In the seven years since Shepard Fairey created what might be, to date, the most iconic artwork of the century — the “Hope” poster for Barack Obama’s 2008 US presidential campaign — its subject has had to make a lot of compromises and its creator has lost a lot of hope. In a recent interview with Esquire, Fairey expounds on his frustrations with President Obama and calls for massive campaign funding reform.
“Obama has had a really tough time, but there have been a lot of things that he’s compromised on that I never would have expected. I mean, drones and domestic spying are the last things I would have thought [he’d support],” Fairey told Esquire. “I’ve met Obama a few times, and I think Obama’s a quality human being, but I think that he finds himself in a position where your actions are largely dictated by things out of your control. I’m not giving him a pass for not being more courageous, but I do think the entire system needs an overhaul and taking money out of politics would be a really good first step.”
Fairey’s disillusionment with the Obama administration echoes the frustrations of many of the president’s would-be supporters, particularly over issues like the NSA’s surveillance programs. His sentiments stand in sharp contrast to the optimism he captured with his “Hope” design and expressed following the 2008 election.
“I think the Obama image is a triumph, in that, well, I think Obama’s going to be a great president so there’s the triumph there,” Fairey told Suicide Girls in late 2008. “I’m cautiously optimistic … For me it’s a very, very sensitive time right now. Because I don’t want to look like I’ve been brainwashed and I’m going to be 100% complicit with everything that’s going on just because Obama’s the president, but at the same time I think it’s much easier for negativity to flourish. I kind of want to see what happens to see what topics I really need to make art about.”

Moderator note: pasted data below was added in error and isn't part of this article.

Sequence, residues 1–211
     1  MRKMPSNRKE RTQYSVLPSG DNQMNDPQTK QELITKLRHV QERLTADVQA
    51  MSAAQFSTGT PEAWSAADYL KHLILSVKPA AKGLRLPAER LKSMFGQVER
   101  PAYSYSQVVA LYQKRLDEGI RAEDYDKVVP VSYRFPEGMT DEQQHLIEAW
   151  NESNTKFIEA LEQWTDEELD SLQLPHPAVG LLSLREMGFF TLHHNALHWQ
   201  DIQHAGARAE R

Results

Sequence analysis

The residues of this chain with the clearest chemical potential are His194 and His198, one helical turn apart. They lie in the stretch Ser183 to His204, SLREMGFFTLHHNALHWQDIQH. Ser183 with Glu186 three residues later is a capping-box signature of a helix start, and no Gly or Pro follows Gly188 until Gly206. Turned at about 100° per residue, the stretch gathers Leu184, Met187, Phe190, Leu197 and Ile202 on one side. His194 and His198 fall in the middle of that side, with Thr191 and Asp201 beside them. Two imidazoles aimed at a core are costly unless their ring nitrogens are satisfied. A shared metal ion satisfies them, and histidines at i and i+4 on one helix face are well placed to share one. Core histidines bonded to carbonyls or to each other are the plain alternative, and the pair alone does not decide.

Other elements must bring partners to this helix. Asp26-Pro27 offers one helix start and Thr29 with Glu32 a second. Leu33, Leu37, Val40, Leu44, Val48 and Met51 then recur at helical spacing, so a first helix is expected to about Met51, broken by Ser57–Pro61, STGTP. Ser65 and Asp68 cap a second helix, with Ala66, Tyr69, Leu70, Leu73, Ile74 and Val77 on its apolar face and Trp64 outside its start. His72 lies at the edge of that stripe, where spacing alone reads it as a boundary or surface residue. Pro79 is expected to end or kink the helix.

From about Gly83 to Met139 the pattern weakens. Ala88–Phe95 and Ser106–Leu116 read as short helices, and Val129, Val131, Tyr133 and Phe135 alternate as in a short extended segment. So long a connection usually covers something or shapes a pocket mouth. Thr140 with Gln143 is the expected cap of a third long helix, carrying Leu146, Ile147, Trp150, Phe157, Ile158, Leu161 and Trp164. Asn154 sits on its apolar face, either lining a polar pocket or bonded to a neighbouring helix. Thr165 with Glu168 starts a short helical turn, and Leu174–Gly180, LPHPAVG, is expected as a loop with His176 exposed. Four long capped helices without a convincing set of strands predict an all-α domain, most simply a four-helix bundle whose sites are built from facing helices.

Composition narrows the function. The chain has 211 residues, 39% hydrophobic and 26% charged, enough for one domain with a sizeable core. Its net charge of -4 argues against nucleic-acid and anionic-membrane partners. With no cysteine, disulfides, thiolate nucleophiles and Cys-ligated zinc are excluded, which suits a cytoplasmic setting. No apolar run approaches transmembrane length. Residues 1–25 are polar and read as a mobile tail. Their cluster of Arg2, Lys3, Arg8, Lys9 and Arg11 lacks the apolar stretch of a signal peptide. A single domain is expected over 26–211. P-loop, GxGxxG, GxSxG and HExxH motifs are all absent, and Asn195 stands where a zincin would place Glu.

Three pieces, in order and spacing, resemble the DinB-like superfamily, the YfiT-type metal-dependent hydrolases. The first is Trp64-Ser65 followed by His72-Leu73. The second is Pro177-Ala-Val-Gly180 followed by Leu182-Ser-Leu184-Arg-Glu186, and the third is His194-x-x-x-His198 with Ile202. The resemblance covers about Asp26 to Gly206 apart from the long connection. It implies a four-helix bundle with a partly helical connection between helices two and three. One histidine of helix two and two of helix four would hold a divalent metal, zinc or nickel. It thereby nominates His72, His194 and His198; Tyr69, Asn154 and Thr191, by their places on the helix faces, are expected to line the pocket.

Accordingly, Fairey has been making art about environmental exploitation, campaign financing, gun control, immigration reform, among other issues on which Obama has come up short. But does that mean he’s done making campaign posters? Will he be throwing his support and design savvy behind Hillary Clinton’s 2016 presidential campaign?
“I mean nothing against Hilary,” Fairey said. “I agree with Hilary on most issues, but campaign finance structure makes me very angry, because it means that politicians are going to have to raise a huge amount of money, which narrows the field dramatically. There are only certain kinds of people that either have the preexisting resources or the willingness to work in a way that will get them a lot of money from donors. That narrows the field right there.”
All told, it sounds like Fairey will spend next year’s election season campaigning for issues, rather than a candidate. Perhaps a line of “No Hope Before Campaign Finance Reform” posters, stickers, stencils, and murals is in order.
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